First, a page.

The opinion of the court was delivered by: Savage, J
After reviewing plaintiff David Lee Robinson's complaint, we determined that there was no federal question subject matter jurisdiction under 28 U.S.C. § 1331, and that there were insufficient allegations to establish a basis for diversity of citizenship jurisdiction under 28 U.S.C. § 1332.*fn1 Rather than dismissing the action, we allowed Robinson to file an amended complaint in an attempt to cure any deficiencies.*fn2
Robinson's amended complaint does not establish that the parties' citizenship is diverse. On the contrary, his allegations show that he and the defendants are, for diversity jurisdiction purposes, all Pennsylvania citizens. Thus, we shall dismiss this action for lack of subject matter jurisdiction.
Robinson does not dispute that he is a Pennsylvania citizen. Prior to his incarceration, his domicile was in Pennsylvania. The hospital records and subsequent medical bills reflect that he had a Philadelphia address. Although incarcerated in New Jersey, he is presumed to be a citizen of Pennsylvania unless he shows a bona fide intent to remain in his state of incarceration upon his release. Pierro v. Kugel, 386 F. App'x 308, 309-10 (3d Cir. 2010) (citing opinions from the Second, Sixth, Seventh, Eighth, and Tenth Circuits). Robinson does not contest that he was a Pennsylvania citizen before his incarceration. Nor does he assert that he intends to remain in New Jersey after being released.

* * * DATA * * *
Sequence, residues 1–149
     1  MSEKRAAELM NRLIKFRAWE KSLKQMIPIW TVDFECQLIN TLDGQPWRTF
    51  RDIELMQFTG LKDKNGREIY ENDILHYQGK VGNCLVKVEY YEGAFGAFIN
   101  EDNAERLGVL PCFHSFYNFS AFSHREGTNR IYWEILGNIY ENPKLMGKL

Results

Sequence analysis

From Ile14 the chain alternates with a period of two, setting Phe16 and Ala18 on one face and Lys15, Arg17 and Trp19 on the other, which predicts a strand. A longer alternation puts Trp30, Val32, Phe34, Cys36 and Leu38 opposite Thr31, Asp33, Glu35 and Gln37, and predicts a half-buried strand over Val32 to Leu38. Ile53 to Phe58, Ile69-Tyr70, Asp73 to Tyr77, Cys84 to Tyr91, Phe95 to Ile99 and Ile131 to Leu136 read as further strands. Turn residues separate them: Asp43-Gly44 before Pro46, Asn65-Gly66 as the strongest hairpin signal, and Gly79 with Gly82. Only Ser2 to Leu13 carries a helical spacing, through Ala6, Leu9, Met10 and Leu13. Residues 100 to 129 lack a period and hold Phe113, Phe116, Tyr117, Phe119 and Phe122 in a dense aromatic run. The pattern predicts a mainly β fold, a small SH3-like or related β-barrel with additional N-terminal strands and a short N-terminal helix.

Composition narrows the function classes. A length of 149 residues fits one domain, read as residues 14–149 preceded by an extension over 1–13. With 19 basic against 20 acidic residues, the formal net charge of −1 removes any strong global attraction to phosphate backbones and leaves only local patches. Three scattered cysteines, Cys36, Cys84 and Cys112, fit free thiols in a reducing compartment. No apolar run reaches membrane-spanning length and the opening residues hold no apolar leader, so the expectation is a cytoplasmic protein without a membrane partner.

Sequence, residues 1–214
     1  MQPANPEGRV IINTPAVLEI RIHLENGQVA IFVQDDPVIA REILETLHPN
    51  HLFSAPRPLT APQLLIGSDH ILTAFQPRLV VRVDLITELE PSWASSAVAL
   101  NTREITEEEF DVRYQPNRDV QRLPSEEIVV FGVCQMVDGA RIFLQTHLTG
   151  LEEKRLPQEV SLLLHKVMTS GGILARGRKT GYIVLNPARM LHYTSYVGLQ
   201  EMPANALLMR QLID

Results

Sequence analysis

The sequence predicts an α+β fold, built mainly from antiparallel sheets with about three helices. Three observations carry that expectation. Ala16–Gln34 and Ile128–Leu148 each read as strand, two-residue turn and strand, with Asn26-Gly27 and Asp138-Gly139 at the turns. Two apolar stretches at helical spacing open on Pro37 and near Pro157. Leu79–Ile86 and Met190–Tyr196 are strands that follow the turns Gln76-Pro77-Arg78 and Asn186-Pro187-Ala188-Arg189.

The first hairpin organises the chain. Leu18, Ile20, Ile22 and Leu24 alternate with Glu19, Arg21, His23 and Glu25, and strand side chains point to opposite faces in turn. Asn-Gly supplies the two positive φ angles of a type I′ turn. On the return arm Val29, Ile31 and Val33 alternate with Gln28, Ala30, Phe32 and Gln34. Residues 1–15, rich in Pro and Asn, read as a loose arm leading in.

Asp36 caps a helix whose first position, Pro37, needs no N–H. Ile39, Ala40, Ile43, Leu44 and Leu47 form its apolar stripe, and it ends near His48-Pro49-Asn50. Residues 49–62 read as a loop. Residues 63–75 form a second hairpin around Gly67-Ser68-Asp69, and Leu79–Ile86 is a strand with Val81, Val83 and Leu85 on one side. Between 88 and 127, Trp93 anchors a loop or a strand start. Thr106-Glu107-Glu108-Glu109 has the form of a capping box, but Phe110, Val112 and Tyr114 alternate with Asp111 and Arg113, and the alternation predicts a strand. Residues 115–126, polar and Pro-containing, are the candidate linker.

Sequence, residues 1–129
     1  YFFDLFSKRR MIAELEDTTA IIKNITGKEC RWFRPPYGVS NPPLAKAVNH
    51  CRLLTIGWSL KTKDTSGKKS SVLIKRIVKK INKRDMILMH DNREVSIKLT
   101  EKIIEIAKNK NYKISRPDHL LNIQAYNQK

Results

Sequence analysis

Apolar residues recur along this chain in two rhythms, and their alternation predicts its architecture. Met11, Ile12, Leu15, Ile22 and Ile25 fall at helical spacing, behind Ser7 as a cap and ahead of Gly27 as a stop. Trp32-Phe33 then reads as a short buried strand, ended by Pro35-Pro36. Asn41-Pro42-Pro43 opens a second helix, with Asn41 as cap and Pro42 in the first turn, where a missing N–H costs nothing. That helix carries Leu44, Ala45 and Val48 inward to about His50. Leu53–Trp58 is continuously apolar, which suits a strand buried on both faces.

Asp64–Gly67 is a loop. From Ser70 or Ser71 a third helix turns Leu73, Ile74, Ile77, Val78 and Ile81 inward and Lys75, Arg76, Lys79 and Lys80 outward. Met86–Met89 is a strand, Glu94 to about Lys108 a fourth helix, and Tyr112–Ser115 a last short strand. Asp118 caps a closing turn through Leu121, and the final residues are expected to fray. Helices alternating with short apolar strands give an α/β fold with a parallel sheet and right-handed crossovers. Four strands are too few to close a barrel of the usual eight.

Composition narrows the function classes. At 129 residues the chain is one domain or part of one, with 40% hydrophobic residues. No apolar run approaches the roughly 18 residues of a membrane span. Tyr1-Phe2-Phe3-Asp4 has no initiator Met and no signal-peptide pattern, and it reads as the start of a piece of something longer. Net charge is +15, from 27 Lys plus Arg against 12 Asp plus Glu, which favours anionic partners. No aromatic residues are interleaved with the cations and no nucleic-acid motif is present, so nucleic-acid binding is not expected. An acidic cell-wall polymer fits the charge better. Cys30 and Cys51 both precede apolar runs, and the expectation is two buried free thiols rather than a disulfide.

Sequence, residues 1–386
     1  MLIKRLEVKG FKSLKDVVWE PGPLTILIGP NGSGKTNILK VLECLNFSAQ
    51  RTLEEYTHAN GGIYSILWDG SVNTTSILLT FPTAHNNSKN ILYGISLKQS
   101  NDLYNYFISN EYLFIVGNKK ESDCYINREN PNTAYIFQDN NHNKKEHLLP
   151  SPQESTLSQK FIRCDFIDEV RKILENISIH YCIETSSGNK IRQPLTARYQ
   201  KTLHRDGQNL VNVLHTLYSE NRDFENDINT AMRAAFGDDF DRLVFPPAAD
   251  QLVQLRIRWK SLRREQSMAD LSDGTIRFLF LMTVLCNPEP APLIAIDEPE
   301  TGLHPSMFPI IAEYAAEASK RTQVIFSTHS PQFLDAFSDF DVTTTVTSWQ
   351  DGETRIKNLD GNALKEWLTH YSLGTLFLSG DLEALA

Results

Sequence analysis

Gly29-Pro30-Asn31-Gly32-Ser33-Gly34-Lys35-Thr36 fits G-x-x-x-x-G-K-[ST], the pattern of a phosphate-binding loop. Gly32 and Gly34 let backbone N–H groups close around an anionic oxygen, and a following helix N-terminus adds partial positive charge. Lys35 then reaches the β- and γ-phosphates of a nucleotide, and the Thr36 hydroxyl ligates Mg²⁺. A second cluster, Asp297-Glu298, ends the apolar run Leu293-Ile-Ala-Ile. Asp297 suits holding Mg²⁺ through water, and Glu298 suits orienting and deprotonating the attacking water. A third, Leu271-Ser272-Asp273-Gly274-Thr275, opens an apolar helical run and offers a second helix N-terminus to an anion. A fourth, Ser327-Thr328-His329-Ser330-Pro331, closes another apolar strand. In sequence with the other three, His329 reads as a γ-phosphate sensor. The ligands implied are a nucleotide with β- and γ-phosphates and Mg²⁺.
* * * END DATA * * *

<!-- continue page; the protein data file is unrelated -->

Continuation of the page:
Robinson does not allege what his intended domicile will be upon his release from prison. He claims he is a permanent resident of the United States Bureau of Prisons ("BOP") because he has almost three years remaining on his sentence and is subject to further incarceration in the event his supervised release is revoked. Contrary to his belief, the BOP is neither a state nor a territory.
Robinson contends that the defendants are not Pennsylvania citizens. He does not challenge that each defendant is incorporated in Pennsylvania and its principal place of business is in Pennsylvania. He erroneously believes that we must consider the citizenship of companies that do business with the defendants, the defendants' employees and board members to determine the citizenship of the corporate defendants. Pennsylvania citizenship of any one of the defendants is fatal to his diversity claim. See Zambelli Fireworks Mfg. Co. v. Wood, 592 F.3d 412, 419 (3d Cir. 2010) (citing Exxon Mobile Corp. v. Allapattah Servs., Inc., 545 U.S. 546, 553 (2005)).
Robinson names Temple University Health Services; Temple University Physicians, Inc.; Temple Professional Associates; Temple University Physicians; and Temple University Hospital as defendants. He does not make any allegation in his complaint, the amended complaint or in his various submissions that any of the defendants themselves were incorporated or have their principal places of business in any state other than Pennsylvania. Indeed, Temple University Hospital is a citizen of Pennsylvania for the purposes of diversity jurisdiction. See St. Paul Fire & Marine Ins. Co. v. Temple Univ. Hosp., 57 F. App'x 128, 131 (3d Cir. 2003) (finding that Temple University Hospital was a citizen of Pennsylvania for the purposes of diversity jurisdiction). Accordingly, at least one of the defendant's citizenship is the same as Robinson's.
Because there is a lack of diversity of citizenship and no federal question is presented, there is no basis for subject matter jurisdiction. Therefore, ...